Fall reading break is a year away. Here’s how students would benefit

As assignments, project deadlines and final exams loom, students say next year’s fall reading break will be crucial in helping students blow off some steam and catch up on studying.

On May 28, the UBC Vancouver Senate passed a motion to add a fall term reading break after decades of student lobbying. The reading break will take place the week of Remembrance Day, with the change taking effect in the 2021/22 academic year.

Second-year psychology student Nitya Mahajan said she was concerned about how online classes have increased the workload for students and how it has affected her mentally. The 12-and-a-half-hour difference between Vancouver and her home country, India, is the major contributing factor.

“I will not lie, but initially it was really tough to handle everything because there is a different life I have here at my home, and studying at UBC online is completely a different thing in itself,” said Mahajan.

“I am a dancer and dance really helps me calm myself down, so I focus myself and I made it a point that I work out and I dance for a minimum of an hour everyday so that I can release the stress.”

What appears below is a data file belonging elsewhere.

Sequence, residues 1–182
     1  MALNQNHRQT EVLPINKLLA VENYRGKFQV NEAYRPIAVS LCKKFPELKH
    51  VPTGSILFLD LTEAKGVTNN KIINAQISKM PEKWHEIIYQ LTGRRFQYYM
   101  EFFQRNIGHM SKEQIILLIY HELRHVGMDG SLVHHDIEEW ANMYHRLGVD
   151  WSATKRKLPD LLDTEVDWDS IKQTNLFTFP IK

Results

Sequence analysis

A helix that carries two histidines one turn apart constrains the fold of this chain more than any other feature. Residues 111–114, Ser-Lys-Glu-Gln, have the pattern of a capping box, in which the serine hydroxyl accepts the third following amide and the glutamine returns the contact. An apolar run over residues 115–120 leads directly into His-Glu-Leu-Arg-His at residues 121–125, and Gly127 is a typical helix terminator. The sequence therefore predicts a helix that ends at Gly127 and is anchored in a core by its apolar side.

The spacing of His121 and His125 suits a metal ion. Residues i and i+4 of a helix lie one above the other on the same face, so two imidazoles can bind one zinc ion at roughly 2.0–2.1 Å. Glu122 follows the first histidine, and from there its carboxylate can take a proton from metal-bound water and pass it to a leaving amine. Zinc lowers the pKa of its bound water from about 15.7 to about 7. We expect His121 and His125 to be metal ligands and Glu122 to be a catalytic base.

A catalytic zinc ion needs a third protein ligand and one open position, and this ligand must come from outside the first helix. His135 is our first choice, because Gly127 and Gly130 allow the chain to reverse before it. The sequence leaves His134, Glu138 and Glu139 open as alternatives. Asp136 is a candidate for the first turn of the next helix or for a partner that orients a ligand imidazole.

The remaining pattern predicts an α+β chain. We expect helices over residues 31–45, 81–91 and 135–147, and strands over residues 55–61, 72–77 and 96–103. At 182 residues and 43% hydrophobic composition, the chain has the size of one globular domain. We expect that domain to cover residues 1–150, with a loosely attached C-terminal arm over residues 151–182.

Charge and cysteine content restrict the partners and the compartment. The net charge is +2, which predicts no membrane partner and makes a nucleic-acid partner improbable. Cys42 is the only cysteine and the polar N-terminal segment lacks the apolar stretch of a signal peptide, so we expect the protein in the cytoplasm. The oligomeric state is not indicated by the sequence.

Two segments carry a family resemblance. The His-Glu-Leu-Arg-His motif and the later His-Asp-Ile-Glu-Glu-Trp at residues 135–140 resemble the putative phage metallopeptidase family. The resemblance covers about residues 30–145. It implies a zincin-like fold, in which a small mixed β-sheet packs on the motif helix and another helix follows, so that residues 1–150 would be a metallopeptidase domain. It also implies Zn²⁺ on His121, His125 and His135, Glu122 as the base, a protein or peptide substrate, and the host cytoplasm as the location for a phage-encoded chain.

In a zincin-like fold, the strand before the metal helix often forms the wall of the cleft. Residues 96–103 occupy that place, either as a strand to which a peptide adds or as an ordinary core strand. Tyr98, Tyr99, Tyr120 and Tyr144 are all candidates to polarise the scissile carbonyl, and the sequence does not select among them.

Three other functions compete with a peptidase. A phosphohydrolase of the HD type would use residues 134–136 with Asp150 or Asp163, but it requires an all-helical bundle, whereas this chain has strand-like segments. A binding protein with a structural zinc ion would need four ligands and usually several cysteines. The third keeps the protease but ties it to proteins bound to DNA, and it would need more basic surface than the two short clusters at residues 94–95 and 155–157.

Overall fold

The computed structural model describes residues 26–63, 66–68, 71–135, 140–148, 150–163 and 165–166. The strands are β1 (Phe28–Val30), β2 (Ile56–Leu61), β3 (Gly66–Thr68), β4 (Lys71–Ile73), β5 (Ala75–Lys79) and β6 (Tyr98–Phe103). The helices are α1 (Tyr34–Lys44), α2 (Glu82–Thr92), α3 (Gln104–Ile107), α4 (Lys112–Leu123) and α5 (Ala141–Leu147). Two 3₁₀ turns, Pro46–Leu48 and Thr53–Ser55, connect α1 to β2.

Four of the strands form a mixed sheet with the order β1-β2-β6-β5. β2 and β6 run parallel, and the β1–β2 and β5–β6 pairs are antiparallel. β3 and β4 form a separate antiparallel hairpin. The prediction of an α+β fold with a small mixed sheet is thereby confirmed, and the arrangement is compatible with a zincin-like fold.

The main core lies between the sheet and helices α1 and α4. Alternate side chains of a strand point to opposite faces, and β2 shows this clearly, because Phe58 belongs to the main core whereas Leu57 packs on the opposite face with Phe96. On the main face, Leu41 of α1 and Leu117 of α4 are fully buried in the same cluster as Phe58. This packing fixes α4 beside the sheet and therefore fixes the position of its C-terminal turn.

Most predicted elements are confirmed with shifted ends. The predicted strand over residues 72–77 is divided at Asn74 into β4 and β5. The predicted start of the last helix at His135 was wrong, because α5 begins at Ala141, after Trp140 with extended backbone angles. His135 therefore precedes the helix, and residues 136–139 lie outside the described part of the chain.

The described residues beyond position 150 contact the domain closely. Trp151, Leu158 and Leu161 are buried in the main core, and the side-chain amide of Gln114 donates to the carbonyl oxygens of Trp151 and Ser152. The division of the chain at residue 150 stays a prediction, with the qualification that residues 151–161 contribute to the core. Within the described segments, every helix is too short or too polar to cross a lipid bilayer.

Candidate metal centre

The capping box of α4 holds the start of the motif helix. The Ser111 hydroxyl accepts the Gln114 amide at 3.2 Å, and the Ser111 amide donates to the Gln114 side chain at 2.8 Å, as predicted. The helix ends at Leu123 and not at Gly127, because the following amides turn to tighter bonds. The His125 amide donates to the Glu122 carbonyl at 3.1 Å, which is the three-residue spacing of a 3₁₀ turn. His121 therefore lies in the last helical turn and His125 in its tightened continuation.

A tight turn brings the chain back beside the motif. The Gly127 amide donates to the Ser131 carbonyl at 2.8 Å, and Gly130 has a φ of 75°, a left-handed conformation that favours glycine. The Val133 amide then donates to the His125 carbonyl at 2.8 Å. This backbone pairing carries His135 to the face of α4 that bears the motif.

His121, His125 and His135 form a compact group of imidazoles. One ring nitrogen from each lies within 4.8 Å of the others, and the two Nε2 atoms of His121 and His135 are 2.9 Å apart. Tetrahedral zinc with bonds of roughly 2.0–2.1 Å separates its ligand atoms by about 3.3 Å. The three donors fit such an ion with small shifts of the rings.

She hopes to use fall reading break next year to give herself a break to catch up on her assignments, research papers and finals studying.

For third-year psychology student Khushi Mehta, fall reading break would be a welcome breather. She raised concerns that the proposed duration of the reading break may not be enough time for some students and that UBC could give a week-long reading break.

“A lot of universities across Canada have a fall reading break that is one week long and we have a spring reading break, which is one week long,” said Khushi.

Unlike spring reading break, UBC will only be adding two days off the week of Remembrance Day to create a long weekend. The Senate weighed having an extended Thanksgiving weekend so students could prepare for midterms. However, senators landed on mid-November ahead of finals.

Eshana Bhangu, student senator, said that a week-long break will most probably not happen next year. She also shared that with UBC being the university with the second lowest number of teaching days among other major universities across Canada, UBC was in a bind to find time for the break. The university had shrunk exam period from 16 days down to 12 days, including Sundays.

According to Bhangu, a member of the Senate academic policy committee, as of now there is no implementation plan because fall reading break is still a year away. However, she said that once more information becomes available, Senate would communicate it to students.

“Even the spring reading break, if you go back to the first year it was implemented, it started off as an extended weekend,” said Bhangu. “So if we’re a little more optimistic with our view on the fall reading break, it is just a first step. The student senators won’t stop advocating … and maybe a few years down the line, we will advocate to extend it.”